I think the best way to describe the negative space (or white space) in design field is to compare it to the pause in a musical song.
A well calculated pause will put the right emphasis on the music that will follow.
It permits to create what is called invisible design; just think to everyday experiences and you’ll notice that backgrounds
tend to be unseen. Going back to the musical metaphor , you don’t listen to the pause, you listen to the music even if the pause is part of the composition.
White space is a fundamental communication tool. I’m not saying just to abuse of it. It has multiple purposes and implications and must be calculated with the same care of the graphic elements. Too much white space can cause communication issues as well as a cramped one.
How to decide the right amount of negative space?
Deciding the right amount of negative space requires a great visual sensitivity and skill.
The choice is mostly dictated by the context as well :
- the mood you are trying to obtain ( a luxury website will need more space than an informative one )
- the quantity of information you have to deliver (negative space is expensive)
- the medium you are designing for (print, web browsers, smart phones…)
Negative space in practice
Let’s see some best practices and their related purposes…
To separate independent groups
In Simon Collison’s blog we can see how negative space is cleverly used to separate different groups(pink coded areas) of information. Less space to separate similar groups in the left column , more space between two different articles (on the right ) and some more between sidebar and the main content to indicate the two macro-sections of the blog.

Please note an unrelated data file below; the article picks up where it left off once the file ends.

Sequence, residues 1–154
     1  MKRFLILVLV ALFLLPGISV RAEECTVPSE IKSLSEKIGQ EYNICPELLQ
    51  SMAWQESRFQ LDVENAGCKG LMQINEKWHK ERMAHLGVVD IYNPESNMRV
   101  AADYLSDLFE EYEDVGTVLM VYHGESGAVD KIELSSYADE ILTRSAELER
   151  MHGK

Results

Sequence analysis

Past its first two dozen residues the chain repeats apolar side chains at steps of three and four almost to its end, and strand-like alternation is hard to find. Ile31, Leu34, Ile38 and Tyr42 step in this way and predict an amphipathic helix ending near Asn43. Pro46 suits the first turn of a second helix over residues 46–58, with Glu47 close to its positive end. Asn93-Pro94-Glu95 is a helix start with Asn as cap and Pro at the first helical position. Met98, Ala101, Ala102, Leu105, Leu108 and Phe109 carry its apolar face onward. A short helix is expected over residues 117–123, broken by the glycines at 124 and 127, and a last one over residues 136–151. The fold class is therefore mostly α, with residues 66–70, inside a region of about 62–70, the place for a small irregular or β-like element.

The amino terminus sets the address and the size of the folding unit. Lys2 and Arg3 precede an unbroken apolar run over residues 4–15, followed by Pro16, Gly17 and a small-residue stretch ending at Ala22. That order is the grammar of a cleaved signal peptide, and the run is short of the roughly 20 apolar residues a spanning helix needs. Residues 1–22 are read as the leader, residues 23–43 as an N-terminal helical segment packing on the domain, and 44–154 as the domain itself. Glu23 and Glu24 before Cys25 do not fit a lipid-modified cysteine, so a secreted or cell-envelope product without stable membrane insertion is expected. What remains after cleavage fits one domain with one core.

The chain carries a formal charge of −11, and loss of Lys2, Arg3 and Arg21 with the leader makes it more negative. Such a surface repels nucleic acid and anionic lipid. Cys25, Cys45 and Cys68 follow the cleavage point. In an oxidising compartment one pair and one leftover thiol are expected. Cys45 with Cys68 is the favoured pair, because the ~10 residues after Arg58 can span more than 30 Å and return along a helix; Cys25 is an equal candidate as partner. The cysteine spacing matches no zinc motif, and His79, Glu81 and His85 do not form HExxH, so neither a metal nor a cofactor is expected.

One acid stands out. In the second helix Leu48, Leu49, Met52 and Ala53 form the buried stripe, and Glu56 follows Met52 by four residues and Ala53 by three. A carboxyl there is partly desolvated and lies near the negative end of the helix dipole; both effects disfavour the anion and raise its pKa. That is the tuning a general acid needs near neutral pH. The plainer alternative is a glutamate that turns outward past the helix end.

Actually, you can see some more sub-grouping work inside the pink areas (post title, post date, main text, metadata).
To give a stylish mood
In the Garrard website negative space is used to enhance a luxury mood.
Another stylish example is the header of Nation website
Mark Boulton’s article on ALA gives a closer look at brand positioning trough negative space.
To eliminate visual tense and give some rest to the eyes
Look at the difference between the same page with and without negative space to separate sections.
Notice that I just modified the margins of the sections, the leading is the same in both images.
In the second image it’s harder to understand where a message ends and the next starts.
To catch the attention of the viewer
In this example we can see how powerful is the isolation of the text (combined with contrast) in the pink coded area. Here we have a compelling call to action, a very effective use of negative space.
To improve the reader experience and understanding
This research shows how margins and leading do affect reading performance and text comprehension.
So have you got some good and effective examples of negative space to share?